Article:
A 16th-magnitude spiral galaxy (type S??) in Pisces (RA 23 17 17.1, Dec +07 21 57)
Historical Identification: Per Dreyer, NGC 7577 (Bigourdan (list II #97), 1860 RA 23 10 13, NPD 83 23) is "a magnitude 13.5 star in a very faint nebula".
Physical Information: Apparent size about 0.3 by 0.2? arcmin.

NGC 7578 (= PGC 70933 + PGC 70934 = part of Hickson Compact Group 94)
Discovered (Sep 18, 1784) by
William Herschel
Also observed (Aug 26, 1827) by John Herschel
A pair of 14th-magnitude galaxies in Pegasus
PGC 70933 = A lenticular galaxy (type S0?) at RA 23 17 11.9, Dec +18 42 05
PGC 70934 = An elliptical galaxy (type E1?) at RA 23 17 13.5, Dec +18 42 30
Historical Identification: Per Dreyer, NGC 7578 (= GC 4926 = JH 2225 = WH III 182, 1860 RA 23 10 14, NPD 72 04.3) is "very faint, among very small (faint) stars". The description is due to John Herschel; his father William only noted "faint". The position is not good enough to tell which of the two galaxies Herschel observed. PGC 70934 is a more intense point of light (having the same brightness in a smaller area, as stated below), so that may be what Herschel noticed; but keeping in mind the limit of brightness and resolution two hundred plus years ago, odds are that he saw the combined light of the pair.
Physical Information: PGC 70933 is about 0.8 by 0.8 arcmin, and PGC 70934 about 0.4 by 0.4 arcmin.
SDSS image of region near the pair of galaxies comprising NGC 7578
Above, a 12 arcmin wide SDSS image centered on NGC 7578
Below, a 2.4 arcmin wide SDSS image of the galaxy, identifying the individual components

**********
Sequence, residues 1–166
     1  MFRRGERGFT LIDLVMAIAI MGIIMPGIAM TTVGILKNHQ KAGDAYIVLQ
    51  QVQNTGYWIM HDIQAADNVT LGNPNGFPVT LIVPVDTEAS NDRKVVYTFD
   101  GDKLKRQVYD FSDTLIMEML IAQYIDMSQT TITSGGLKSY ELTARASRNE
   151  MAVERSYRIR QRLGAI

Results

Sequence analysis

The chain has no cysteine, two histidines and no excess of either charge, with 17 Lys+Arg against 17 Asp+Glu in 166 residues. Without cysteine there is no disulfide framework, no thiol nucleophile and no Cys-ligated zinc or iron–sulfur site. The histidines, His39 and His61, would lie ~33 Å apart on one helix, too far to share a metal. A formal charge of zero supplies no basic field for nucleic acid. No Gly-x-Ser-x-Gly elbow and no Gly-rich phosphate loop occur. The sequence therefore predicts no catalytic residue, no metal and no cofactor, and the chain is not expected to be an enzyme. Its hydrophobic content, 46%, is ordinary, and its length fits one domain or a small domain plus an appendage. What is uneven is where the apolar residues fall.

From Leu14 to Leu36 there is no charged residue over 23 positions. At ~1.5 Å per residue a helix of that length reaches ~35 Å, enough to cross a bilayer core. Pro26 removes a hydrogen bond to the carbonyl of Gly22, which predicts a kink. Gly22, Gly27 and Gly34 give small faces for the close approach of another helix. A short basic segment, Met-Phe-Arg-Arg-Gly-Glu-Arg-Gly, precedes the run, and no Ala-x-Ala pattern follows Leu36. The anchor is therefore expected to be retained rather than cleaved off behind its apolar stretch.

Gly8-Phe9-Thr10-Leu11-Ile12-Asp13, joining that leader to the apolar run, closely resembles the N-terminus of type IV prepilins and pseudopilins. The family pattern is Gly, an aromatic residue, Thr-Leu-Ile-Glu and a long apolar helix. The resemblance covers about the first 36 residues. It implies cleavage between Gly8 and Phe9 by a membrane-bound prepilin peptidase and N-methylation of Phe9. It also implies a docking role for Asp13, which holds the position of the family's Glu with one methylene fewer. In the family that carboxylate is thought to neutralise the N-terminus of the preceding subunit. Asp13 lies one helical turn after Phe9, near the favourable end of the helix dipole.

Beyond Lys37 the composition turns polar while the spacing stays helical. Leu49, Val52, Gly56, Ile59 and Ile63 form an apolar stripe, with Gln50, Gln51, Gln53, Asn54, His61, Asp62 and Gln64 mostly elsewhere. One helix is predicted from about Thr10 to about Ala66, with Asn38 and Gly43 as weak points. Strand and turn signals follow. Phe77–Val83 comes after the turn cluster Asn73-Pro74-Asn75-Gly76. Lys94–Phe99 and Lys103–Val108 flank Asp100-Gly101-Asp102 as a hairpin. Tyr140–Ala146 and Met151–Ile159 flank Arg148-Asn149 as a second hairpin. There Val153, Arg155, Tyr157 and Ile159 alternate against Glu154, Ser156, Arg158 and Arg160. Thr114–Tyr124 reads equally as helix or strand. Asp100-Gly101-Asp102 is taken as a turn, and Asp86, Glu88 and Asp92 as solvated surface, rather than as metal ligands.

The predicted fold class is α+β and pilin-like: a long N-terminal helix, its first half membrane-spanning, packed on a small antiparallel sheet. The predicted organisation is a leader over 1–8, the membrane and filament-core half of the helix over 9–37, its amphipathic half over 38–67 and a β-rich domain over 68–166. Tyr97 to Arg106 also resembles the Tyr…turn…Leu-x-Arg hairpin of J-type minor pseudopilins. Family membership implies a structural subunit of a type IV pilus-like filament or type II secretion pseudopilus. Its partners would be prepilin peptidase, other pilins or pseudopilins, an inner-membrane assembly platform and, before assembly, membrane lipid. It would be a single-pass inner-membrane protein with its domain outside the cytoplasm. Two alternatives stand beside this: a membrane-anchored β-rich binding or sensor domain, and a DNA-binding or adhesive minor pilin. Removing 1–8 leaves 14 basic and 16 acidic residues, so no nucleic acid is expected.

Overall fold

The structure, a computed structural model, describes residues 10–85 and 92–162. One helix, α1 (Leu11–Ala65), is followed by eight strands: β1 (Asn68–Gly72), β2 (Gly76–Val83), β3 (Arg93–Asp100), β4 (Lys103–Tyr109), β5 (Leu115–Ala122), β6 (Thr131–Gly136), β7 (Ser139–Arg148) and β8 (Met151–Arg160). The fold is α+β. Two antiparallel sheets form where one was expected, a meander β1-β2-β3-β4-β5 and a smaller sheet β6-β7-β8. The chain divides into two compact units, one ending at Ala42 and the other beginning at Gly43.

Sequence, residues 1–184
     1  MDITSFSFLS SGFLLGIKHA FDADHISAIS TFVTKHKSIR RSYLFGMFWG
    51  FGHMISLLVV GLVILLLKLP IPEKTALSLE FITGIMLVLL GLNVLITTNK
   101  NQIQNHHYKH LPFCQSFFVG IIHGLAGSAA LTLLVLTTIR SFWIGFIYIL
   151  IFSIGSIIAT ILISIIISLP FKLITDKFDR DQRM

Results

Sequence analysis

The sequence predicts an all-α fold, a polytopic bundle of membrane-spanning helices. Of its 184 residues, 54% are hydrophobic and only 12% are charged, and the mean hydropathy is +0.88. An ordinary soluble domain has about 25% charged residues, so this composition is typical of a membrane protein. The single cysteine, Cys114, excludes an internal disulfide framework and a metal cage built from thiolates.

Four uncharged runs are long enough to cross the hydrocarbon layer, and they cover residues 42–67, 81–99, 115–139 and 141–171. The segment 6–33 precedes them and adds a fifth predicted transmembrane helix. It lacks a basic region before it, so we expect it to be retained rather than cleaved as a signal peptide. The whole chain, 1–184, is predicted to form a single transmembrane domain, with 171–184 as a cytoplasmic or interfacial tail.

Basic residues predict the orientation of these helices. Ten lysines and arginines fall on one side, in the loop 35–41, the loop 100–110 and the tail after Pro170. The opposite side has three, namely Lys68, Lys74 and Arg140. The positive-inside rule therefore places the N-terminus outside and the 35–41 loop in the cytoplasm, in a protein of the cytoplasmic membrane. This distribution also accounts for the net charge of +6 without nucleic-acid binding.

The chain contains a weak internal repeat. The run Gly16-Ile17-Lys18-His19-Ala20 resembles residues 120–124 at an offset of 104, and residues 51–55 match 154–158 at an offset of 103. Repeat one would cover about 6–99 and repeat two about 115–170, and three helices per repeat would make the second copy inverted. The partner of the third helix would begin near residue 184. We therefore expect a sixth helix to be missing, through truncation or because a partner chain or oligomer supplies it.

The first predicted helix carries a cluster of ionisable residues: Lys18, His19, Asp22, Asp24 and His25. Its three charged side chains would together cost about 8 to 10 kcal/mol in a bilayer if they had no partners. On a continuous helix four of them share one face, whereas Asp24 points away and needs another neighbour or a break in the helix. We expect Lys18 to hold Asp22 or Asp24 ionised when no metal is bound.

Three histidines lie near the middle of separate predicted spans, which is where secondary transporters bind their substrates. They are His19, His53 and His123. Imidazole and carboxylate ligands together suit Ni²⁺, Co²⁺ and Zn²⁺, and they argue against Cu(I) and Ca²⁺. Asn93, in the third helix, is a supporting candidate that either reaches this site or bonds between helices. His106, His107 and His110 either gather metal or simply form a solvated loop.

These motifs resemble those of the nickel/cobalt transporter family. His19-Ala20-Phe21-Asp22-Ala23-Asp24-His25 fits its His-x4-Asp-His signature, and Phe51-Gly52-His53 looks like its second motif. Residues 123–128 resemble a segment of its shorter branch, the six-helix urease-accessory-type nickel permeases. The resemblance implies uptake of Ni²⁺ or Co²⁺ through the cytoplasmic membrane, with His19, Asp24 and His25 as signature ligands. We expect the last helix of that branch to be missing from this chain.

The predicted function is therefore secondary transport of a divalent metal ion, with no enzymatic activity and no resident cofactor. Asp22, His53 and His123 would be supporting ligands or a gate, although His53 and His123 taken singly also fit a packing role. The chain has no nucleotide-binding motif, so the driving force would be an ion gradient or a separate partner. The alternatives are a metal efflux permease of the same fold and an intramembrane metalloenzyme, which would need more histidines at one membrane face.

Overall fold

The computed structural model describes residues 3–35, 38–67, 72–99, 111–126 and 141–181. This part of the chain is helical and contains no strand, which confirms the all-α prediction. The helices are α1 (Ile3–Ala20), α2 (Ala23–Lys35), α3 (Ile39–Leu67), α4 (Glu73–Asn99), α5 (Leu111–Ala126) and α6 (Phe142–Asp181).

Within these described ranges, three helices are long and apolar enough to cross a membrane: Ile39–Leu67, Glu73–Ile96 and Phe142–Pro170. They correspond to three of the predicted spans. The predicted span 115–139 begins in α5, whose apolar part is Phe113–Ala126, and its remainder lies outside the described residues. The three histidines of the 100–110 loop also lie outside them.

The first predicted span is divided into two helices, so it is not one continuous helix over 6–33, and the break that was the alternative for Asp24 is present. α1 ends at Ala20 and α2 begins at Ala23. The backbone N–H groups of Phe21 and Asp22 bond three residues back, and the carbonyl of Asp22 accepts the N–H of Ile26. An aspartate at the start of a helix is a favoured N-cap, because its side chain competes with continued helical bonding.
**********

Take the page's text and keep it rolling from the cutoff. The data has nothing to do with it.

SDSS image of the pair of galaxies comprising NGC 7578

NGC 7579 (= PGC 70964)
Discovered (Oct 5, 1864) by
Albert Marth
A 14th-magnitude compact galaxy (type C??) in Pegasus (RA 23 17 38.8, Dec +09 26 02)
Historical Identification: Per Dreyer, NGC 7579 (= GC 6165, Marth #554, 1860 RA 23 10 34, NPD 81 20) is "extremely faint, very small, stellar".
Physical Information: Apparent size about 0.5 by 0.4? arcmin.

NGC 7580 (= PGC 70962)
Discovered (Sep 25, 1886) by
Lewis Swift
Also observed (date?) by Herbert Howe
A 14th-magnitude spiral galaxy (type S?) in Pegasus (RA 23 17 36.6, Dec +14 00 05)
Historical Identification: Per NGC 7580 (Swift list V (#99), 1860 RA 23 10 35, NPD 76 45.7) is "very faint, pretty small, round, faint star to southwest". The second IC lists a corrected position (per Howe) of RA 23 10 19, NPD 76 40.7.
Physical Information: Apparent size about 0.8 by 0.6? arcmin.

NGC 7581 (=
NGC 7541 = PGC 70795)
Discovered (Aug 30, 1785) by William Herschel (and later listed as NGC 7541)
Discovered (Jan 11, 1875) by Horace Tuttle or Edward Holden (and later listed as NGC 7581)
A 12th-magnitude spiral galaxy (type SBc?) in Pisces (RA 23 14 43.2, Dec +04 32 04)
Historical Identification: Per Dreyer, NGC 7581 (= GC 6166, Holden, 1860 RA 23 10 38, NPD 86 05.8) is "very faint, much extended, 12th or 13th magnitude star close to east". (Based on notes by Corwin, it might be better to say that NGC 7581 might be a duplicate of NGC 7541, and perhaps "lost or nonexistent" would be still better; but there are many questions about this observation (aside from the ones noted below) that will have to wait for the next iteration of this page.)
Discovery Notes: There appears to be no publication that lists Holden as the observer of GC 6166 save Dreyer's 1878 Supplement to the GC and the NGC itself. The only other reference that mentions the observation is the United States Naval Observatory's Astronomical, magnetic and meteorological observations made during the Year 1875 at the United States Naval Observatory, which notes a nova discovered by Tuttle while searching for Comet Encke at a position (1875 RA 23 11.4, Dec +03 59) that precesses to the NGC's 1860 position (whence Tuttle's discovery credit above). However, the page listing the "nova" shows that Holden was observing a satellite of Neptune on that night, so (per Corwin) it is possible that Holden was the actual observer, and sent Dreyer a note correcting the error in the attribution, including the note about the star to the east, which is not mentioned in the USNO publication (hence his also being listed above).